About Joan Miró

Joan Miró photo
Joan Miró

Born in 1893 in Barcelona, Spain into a family of artisans and goldsmiths. Studied art at the Academy of La Llotja in Barcelona and had his first solo at The Dalmau Gallery with a collection of still lifes, nudes, and landscapes inspired by the Fauves and Cubism with strong references to Catalan idiosyncrasies, peasant landscapes and characters from his childhood at the parents farm in Montroig will mark profoundly the essence of the work specially in this period of his life. Like many fellow artists of the time moved to Paris in 1919 where he became friends with André Breton, forming a relation that lasted long in his career. Like Picasso the artist will make a central point of his life to surround himself by poets, and in fact being acknowledged as painter-poet. Participated in the first Surrealist exhibit in 1925, and brought his own vision increasingly biomorphic, enigmatic, and profoundly innovative into the pure psychic automatism promoted by his peers.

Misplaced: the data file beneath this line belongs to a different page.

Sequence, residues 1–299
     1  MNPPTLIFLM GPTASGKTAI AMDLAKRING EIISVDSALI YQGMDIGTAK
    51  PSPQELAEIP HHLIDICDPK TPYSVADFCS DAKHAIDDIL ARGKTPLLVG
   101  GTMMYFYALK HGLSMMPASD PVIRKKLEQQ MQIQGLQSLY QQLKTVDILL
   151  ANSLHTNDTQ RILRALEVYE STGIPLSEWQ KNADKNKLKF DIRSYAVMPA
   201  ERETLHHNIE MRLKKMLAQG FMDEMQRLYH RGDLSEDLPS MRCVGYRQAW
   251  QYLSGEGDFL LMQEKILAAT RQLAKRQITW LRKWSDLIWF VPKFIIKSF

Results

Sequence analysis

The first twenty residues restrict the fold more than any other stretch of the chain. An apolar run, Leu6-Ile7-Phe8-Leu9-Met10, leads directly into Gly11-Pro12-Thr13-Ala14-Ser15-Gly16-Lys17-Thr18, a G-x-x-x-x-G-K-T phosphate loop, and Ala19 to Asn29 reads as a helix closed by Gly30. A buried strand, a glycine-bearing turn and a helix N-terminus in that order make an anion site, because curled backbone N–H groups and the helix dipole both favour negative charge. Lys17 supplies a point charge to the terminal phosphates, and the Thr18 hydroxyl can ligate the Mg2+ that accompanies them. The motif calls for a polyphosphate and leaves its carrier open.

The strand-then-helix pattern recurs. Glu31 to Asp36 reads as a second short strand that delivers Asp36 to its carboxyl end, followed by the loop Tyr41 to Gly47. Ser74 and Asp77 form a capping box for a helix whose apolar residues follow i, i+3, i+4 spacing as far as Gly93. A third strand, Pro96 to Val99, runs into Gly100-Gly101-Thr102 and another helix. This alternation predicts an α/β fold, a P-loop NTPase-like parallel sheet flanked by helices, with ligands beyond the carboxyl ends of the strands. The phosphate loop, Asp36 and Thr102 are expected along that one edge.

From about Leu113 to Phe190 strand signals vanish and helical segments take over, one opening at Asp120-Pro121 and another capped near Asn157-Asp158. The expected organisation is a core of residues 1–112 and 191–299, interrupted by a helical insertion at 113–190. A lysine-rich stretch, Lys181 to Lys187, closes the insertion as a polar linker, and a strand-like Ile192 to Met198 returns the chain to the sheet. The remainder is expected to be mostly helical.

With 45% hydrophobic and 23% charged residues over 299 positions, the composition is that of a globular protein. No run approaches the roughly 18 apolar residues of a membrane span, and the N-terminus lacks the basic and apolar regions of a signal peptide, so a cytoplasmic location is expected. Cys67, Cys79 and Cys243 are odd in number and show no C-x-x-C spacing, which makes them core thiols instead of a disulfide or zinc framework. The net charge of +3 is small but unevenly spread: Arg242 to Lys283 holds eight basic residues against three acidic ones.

Miró was a pioneer, inventing a new kind of relational, pictorial space in which figures and their environments were strangely, even unrealistically depicted. This practice of nonobjective painting greatly influenced the Abstract Expressionists. Due to his desire for control, Miró balanced spontaneity with meticulous planning, resulting in dream-inspired compositions that were nevertheless carefully executed. Miró's obsessive work ethic and long career led him to experiment in many creative media, including painting, graphics, ceramics, public sculpture, tapestry, and even theater. He died in Palma de Mallorca in 1983.